film : Paper
Artist: Pankaj Tripathi, Satish Kaushik, M Monal Gajjar, Mita Vasistha, Amr Upadhyay, Neha Chauhan, Brijendra Kala
the director : Satish kaushik
Channel : G5
Rating: three star
What a story
The film has dialogue. There is a bigger accountant than the governor in this country and no one can erase his writings. The essence of the entire film is in this line. The story begins in Amino village in Azamgarh, Uttar Pradesh. Bharat Lal (Pankaj Tripathi) works in a band, is happy with his wife Rukmini (M Monal) and their children. Suddenly he needs a loan, Bharat goes to the bank, he is asked to mortgage the papers of the land for the loan. At the same time the biggest twist of the story comes, in which he learns that he has been legally declared dead on paper and the land has been given to the uncle’s sons. The game starts from here. Bharata struggles. He moves from a small law keeper, to the court and then to the prime minister. But does he prove himself alive? On the pretext of this story, on the pretext of Bharata’s struggle, we go through a long list of loopholes along with the lax system. Does Bharat get justice even after 18 years of long struggle. On the pretext of this film, we also get to know many legal punishments.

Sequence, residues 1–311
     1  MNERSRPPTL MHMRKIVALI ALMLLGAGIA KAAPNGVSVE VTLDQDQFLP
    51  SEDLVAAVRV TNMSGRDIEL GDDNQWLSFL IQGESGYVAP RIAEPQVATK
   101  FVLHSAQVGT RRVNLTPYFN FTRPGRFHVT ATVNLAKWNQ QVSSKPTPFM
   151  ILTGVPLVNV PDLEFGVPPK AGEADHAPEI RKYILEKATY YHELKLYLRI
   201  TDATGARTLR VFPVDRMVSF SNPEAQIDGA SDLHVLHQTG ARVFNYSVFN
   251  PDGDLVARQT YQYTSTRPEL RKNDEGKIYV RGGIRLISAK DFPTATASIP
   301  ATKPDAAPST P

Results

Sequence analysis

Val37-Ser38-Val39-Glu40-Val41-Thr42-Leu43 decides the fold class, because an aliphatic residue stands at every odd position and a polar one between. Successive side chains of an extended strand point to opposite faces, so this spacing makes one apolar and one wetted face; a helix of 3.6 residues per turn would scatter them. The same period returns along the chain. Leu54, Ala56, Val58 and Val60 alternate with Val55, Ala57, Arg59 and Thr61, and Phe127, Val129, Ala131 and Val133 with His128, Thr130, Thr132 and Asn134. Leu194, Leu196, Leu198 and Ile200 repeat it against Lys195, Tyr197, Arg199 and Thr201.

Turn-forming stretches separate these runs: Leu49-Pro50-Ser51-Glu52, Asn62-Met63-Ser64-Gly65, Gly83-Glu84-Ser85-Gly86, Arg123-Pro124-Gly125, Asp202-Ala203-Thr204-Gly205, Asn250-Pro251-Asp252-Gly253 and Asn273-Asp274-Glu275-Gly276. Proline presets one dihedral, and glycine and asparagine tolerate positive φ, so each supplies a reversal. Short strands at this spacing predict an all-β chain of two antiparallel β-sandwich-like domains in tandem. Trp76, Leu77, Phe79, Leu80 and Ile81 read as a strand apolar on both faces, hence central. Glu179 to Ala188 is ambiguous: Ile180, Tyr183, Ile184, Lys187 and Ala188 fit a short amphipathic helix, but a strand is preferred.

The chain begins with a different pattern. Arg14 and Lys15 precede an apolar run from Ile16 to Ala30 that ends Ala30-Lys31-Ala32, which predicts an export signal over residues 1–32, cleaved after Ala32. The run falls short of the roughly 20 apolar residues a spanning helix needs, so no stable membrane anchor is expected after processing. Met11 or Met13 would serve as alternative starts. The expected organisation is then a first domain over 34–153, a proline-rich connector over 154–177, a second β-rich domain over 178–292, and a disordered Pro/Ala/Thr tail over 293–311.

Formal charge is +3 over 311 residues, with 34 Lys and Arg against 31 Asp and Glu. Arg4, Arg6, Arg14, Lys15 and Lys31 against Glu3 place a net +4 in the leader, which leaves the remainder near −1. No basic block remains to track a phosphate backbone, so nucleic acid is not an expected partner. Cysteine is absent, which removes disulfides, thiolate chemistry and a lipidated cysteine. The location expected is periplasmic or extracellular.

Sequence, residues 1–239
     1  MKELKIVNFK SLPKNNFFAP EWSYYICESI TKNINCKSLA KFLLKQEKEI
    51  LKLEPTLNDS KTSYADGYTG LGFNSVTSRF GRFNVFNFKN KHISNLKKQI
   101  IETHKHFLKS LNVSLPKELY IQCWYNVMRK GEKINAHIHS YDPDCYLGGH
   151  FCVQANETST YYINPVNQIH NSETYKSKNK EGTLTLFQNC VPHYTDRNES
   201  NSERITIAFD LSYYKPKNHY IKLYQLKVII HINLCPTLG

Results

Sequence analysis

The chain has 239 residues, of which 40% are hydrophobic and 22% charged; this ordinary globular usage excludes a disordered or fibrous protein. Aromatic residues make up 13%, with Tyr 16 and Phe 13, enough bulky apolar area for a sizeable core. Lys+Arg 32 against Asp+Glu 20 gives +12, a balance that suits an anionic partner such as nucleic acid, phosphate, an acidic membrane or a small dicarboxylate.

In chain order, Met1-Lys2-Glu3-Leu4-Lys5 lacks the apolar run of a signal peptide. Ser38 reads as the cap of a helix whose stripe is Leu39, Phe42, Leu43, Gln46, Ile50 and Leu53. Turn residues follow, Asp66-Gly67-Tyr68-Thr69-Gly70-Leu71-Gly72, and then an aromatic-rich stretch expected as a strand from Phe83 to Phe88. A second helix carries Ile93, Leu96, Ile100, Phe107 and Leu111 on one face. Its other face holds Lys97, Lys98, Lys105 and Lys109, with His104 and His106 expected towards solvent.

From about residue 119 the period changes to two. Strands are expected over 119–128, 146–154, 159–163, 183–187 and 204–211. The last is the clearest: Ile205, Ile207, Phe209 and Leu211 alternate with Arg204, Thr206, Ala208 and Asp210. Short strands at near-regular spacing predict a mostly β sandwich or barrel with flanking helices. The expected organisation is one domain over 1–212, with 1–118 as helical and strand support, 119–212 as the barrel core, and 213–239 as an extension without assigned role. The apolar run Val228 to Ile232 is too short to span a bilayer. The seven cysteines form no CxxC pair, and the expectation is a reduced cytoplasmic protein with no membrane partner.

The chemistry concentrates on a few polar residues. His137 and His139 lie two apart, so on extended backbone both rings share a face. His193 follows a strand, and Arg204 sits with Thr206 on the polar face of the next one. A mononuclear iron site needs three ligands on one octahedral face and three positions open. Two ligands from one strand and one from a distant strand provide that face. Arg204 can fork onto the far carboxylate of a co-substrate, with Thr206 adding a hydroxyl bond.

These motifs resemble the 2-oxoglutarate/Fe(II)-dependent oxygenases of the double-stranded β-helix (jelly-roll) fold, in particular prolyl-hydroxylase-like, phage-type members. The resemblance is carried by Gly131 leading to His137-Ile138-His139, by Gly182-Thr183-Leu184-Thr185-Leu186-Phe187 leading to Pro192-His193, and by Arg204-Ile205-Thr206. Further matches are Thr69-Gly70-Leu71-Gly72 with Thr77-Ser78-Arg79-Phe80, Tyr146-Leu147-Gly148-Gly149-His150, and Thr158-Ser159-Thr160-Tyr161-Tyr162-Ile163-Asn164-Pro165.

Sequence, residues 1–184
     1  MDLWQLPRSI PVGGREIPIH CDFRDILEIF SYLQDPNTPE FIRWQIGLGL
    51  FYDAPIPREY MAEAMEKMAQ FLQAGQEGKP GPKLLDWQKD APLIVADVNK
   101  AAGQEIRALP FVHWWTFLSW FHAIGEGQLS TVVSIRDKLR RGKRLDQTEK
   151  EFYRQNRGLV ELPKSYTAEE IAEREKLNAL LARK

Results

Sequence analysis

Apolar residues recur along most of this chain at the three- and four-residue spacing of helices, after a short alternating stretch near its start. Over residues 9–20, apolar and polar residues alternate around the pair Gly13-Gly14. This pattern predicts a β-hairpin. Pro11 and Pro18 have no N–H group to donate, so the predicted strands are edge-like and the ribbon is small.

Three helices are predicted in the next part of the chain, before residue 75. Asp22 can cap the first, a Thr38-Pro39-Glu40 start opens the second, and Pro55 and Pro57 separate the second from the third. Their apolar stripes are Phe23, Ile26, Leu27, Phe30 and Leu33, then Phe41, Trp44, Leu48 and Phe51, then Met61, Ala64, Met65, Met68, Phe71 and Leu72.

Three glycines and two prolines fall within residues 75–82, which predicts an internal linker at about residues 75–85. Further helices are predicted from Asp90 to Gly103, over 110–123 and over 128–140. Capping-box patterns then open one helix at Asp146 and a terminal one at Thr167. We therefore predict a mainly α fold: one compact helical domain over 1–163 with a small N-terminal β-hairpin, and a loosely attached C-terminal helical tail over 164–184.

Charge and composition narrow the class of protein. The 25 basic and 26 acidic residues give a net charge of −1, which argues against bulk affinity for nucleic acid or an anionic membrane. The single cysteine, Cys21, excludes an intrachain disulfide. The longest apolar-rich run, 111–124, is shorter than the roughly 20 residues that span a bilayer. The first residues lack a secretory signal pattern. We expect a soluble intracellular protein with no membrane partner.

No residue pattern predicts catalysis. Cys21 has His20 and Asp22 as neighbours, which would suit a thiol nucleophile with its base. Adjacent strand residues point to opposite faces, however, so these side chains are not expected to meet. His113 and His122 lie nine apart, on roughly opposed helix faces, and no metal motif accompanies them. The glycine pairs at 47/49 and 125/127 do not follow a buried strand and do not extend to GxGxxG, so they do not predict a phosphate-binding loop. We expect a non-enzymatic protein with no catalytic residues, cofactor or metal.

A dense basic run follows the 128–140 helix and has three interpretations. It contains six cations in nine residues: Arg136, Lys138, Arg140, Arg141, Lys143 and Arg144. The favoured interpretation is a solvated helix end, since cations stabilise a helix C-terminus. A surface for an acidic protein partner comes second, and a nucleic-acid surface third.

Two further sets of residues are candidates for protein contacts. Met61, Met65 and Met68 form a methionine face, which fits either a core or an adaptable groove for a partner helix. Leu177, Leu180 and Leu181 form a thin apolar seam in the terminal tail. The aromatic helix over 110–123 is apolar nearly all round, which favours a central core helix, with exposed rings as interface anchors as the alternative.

The story is presented with a very simple and realistic approach, the acting, the backdrop, the location is everything according to the story. Good communication. New artists have got a good working space.
What is bad
The enthusiasm that the film starts with, gets dragged into the second half, wanders off somewhere. Forced speech has also taken place. Satish Kaushik’s narration bore.
Pankaj Tripathi, who has worked hard in this film, is seen on the screen, in the recent times he has been playing the character, in this film he has forgotten that Pankaj and adopted a new one. Satish Kaushik is also in a small but influential character. There was not much space for M Monal, Neha, Amar and Brijendra Kala. But has done a good job. Sandeep Dhar’s item song was meaningless.
A good film for realistic and rustic cinema lovers.
Review By: Anu Verma